The Utah registry1 took effect in July, and Michigan's2 in November. The laws bar email messages that advertise alcohol, tobacco, porn, gambling, firearms and illegal drugs. The registries were modeled after do-not-call lists designed to block telemarketers. In both states, a small company, Unspam Technologies Inc., won the contract to manage the registries.

The laws allow parents to bring civil suits against violators, and provide for damages of $1,000 per message in Utah and $5,000 per message in Michigan. Violators could also face criminal charges in each state, in addition to state fines.

Few email addresses have been placed on the state registries so far. Earlier this week, Utah's registry had 1,992 addresses, and 62 schools had registered their domain names to block emails to student accounts. About 160 companies had submitted their email lists for screening. In Michigan, 3,658 email addresses have been registered, along with 41 school domains. About 170 marketers had applied for screening. The states keep the addresses on their registries for two or three years, at which time they must be renewed.

The Utah Division of Consumer Protection has cited one Web site for allegedly violating the law. It says a Web site called sent a sexually explicit email last month to an address on the registry, and the state is seeking a fine of up to $2,500. The site's owner couldn't immediately be reached for comment.

Michigan's attorney general's office is reviewing 54 complaints brought by consumers to determine if charges will be brought, a spokeswoman said.

Utah's attorney general, Mark Shurtleff, said the state pursued the legislation because "the feds aren't doing squat" on the spam problem. He added that Utah's law was written carefully so it would be valid under the federal Can-Spam Act of 2003, which allows marketers to send unsolicited messages as long as they follow certain guidelines, and limits state regulation. Mr. Shurtleff added that the state made compliance by companies "very, very cheap." In December, he filed a motion to dismiss the Free Speech Coalition's suit against Utah, and said the suit proved the porn industry's "real intent to force smut on our children."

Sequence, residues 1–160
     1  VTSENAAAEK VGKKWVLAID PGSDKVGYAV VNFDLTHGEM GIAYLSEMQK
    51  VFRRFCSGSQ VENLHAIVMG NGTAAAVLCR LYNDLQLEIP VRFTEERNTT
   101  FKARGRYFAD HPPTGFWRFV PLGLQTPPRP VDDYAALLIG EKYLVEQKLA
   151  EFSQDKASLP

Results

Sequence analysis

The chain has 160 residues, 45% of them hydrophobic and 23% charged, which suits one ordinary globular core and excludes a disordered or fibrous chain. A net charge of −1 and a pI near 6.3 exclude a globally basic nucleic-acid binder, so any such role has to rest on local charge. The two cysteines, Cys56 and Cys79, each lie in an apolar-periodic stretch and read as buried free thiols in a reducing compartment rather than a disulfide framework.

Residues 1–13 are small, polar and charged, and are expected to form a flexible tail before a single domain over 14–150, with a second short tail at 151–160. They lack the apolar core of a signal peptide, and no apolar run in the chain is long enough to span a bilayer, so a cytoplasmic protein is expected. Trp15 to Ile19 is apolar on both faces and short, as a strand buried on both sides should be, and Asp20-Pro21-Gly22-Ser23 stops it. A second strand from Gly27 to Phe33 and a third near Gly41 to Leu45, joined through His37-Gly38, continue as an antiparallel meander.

FTC Fears, Utah Acts

Lawmakers in Utah and Michigan proceeded with the measures even though the Federal Trade Commission in 2004 expressed skepticism about such registries in a report to Congress. Besides casting doubt on the effectiveness of such laws, it said any list that earmarked addresses as belonging to or used by children would raise "very grave" privacy concerns. "The possibility that such a list could fall into the hands of the Internet's most dangerous users, including pedophiles, is truly chilling," it said. The agency reiterated its concerns last month in a report on Can-Spam's effectiveness.

Matthew Prince, chief executive of Park City, Utah-based Unspam, said the company uses security technology to protect the state registries. Companies submit their email addresses to a Web site, and the site returns an encrypted list of email addresses that appeared on the registry. Companies use special tools to decode the lists.